Energy & Infrastructure Insight - Issue 3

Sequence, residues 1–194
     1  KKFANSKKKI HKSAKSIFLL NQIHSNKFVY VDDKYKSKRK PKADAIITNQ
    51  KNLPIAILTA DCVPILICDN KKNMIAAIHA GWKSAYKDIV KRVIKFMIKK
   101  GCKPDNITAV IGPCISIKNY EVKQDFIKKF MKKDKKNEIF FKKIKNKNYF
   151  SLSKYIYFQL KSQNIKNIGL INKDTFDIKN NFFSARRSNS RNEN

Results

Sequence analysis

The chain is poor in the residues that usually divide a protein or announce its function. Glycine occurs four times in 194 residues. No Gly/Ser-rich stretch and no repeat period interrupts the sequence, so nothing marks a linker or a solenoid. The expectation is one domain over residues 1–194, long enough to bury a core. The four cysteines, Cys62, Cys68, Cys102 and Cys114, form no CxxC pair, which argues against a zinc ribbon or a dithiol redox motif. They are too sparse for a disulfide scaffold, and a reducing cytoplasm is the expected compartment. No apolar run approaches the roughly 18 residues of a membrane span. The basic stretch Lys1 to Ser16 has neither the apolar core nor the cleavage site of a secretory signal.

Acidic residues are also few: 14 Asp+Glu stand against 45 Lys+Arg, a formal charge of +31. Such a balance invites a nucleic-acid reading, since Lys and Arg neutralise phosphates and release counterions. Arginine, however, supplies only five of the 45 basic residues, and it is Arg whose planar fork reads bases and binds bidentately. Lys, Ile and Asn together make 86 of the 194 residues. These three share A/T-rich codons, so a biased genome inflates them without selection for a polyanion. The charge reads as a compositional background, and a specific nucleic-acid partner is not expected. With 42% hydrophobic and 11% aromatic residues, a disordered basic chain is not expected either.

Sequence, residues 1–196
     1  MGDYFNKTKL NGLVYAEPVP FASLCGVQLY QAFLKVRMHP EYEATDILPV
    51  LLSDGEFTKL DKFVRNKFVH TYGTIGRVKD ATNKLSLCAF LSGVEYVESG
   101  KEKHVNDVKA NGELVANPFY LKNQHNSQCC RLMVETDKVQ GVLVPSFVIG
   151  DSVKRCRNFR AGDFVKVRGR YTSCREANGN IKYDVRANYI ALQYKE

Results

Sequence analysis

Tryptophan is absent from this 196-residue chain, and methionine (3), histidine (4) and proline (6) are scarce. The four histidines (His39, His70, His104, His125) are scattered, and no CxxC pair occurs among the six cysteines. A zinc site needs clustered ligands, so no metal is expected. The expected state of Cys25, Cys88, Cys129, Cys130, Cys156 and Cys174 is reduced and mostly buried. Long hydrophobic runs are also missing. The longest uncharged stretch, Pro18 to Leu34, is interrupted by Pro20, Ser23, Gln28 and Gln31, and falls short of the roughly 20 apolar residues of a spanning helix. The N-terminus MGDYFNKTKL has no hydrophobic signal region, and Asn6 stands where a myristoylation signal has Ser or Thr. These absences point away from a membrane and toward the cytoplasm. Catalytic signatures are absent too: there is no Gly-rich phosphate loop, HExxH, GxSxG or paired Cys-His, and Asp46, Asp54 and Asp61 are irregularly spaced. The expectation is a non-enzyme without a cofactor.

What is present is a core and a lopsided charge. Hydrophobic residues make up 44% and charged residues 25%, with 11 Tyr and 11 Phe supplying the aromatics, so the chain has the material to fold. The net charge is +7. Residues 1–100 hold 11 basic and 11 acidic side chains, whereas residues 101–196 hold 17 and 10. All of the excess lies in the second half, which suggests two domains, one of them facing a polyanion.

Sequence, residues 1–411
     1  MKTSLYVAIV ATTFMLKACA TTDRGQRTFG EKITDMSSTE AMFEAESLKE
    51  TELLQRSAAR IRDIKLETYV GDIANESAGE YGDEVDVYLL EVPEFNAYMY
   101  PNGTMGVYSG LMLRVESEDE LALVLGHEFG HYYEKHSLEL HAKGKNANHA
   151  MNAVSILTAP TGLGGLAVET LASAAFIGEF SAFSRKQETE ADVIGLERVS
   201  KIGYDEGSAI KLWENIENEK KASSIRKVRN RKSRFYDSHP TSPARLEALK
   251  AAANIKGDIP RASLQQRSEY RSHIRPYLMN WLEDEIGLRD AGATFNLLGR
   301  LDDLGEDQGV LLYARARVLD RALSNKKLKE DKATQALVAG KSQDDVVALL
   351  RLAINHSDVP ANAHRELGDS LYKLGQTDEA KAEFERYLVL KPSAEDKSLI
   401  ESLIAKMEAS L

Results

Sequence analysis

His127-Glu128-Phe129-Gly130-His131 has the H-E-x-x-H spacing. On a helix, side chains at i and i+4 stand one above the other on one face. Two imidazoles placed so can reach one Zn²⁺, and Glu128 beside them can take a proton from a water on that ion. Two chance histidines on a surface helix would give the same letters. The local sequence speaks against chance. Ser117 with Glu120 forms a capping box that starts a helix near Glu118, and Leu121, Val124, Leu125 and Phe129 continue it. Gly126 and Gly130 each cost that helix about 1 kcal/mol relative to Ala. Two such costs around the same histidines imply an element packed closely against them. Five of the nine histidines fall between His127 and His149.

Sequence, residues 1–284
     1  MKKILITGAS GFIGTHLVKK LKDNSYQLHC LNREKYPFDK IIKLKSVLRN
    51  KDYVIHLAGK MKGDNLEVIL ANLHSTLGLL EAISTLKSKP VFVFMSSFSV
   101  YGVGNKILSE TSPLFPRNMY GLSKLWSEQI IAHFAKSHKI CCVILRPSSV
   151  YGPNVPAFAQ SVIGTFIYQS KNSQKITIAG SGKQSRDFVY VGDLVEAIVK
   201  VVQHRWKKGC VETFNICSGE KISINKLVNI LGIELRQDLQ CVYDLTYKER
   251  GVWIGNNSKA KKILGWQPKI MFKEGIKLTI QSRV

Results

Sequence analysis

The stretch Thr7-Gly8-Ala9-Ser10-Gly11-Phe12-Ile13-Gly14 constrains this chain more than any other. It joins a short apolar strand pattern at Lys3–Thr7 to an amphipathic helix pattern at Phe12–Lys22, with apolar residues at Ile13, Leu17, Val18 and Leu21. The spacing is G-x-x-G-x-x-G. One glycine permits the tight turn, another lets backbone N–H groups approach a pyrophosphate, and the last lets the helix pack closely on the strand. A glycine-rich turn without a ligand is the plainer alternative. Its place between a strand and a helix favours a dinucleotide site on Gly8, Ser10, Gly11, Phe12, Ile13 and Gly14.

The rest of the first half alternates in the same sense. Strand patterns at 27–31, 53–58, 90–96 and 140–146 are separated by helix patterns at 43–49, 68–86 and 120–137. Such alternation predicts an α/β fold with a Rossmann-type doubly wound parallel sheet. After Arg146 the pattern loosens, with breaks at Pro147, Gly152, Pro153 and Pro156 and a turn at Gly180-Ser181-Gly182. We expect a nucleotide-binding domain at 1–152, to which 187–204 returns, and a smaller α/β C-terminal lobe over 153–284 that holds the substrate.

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19 KEY ISSUES – INVESTOR/OPERATOR The investor/operator's principal concern will be the continued revenue stream over the life of the service agreement at a reasonable level of return on investment. The service contract will therefore likely include a tariff structure on a use-or-pay or a take-or-pay arrangement and a form of credit support. 1. Tariff structure The investor/operator will likely favor a "cost plus" arrangement, whereby the seller agrees to cover certain of InfraCo's capital and operating costs and pay an agreed margin above such costs. The seller will be on risk for any unknown costs (e.g., those arising from a change of law or unbudgeted capital expenditures). Sellers typically favor a fixed tariff for access/supply. In this case, the new investor/operator may ask that unknown costs above a certain threshold are passed back to the seller through an increase in the tariff. 2. Take-or-pay A use-or-pay or take-or-pay arrangement means the seller is committed to use or pay/take or pay for a minimum level of access/supply during a prescribed period of time under the service agreement. An infrastructure investor's pricing of the initial acquisition is likely to reflect the output of a discounted cash flow model that assumes these payments. The seller is unlikely to object to the use-or-pay or take-or- pay arrangement but will need to consider the level at which and on what basis payment commitments are set. The parties also need to determine if the take-or-pay should apply during periods of force majeure and shutdown affecting the infrastructure asset. As its counterparty is an equity investor, the seller will typically seek to push such risks to InfraCo. This may be complicated, however, where the seller maintains a level of control over the asset. 3. Creditworthiness The investor/operator will be concerned with the creditworthiness of the seller group entity (user) entering into the service agreement with InfraCo. The investor/operator will likely not want its cash flows to be linked to the performance of the user's business and may therefore look for credit support from the wider seller group (e.g., a parent company guarantee from a seller group entity whose financial status is not linked solely to the user's business). The seller will likely want to limit InfraCo's ability to call on any credit support provided to certain circumstances (e.g., the user's insolvency) and push all other risk of underperformance by InfraCo to the investor/operator on the basis it should take some level of equity risk on the cash flows. Monetizing Embedded "Non-core" Infrastructure Assets (cont.)

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